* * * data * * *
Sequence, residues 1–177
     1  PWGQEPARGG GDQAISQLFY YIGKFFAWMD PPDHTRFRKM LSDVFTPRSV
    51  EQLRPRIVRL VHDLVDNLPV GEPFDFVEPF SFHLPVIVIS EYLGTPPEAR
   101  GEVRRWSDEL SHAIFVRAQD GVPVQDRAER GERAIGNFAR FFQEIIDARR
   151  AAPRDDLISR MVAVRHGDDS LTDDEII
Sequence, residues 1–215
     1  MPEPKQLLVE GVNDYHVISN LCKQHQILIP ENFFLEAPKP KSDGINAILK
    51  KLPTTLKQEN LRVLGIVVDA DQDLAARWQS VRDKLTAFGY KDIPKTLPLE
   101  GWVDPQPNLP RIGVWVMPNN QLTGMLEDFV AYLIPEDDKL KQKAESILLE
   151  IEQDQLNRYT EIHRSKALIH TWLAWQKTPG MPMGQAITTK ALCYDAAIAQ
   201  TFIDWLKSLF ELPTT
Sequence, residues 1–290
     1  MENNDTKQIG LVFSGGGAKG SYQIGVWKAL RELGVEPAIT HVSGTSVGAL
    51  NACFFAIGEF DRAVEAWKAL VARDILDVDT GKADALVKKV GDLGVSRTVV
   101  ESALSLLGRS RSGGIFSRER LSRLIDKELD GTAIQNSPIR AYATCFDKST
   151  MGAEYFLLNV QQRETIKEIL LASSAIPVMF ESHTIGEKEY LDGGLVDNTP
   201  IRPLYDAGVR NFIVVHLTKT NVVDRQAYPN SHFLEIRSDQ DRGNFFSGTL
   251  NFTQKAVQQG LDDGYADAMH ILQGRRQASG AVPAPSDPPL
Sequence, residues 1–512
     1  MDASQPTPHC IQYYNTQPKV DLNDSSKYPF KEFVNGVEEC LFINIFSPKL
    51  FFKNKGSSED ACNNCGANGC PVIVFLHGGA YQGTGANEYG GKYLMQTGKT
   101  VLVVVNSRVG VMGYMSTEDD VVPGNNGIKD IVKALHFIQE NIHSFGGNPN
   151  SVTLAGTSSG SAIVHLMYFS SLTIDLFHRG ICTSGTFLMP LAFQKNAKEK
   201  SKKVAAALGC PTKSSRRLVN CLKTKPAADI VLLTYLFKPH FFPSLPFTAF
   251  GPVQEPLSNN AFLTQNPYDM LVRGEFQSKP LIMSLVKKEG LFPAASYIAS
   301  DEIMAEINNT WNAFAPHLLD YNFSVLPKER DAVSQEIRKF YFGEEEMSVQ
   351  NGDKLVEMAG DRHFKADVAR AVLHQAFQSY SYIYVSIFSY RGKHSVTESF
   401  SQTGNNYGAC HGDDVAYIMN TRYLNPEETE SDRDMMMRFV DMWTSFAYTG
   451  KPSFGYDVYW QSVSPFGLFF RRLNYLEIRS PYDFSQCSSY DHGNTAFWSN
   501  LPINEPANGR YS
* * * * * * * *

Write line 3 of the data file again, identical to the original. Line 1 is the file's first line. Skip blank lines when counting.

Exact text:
    51  EQLRPRIVRL VHDLVDNLPV GEPFDFVEPF SFHLPVIVIS EYLGTPPEAR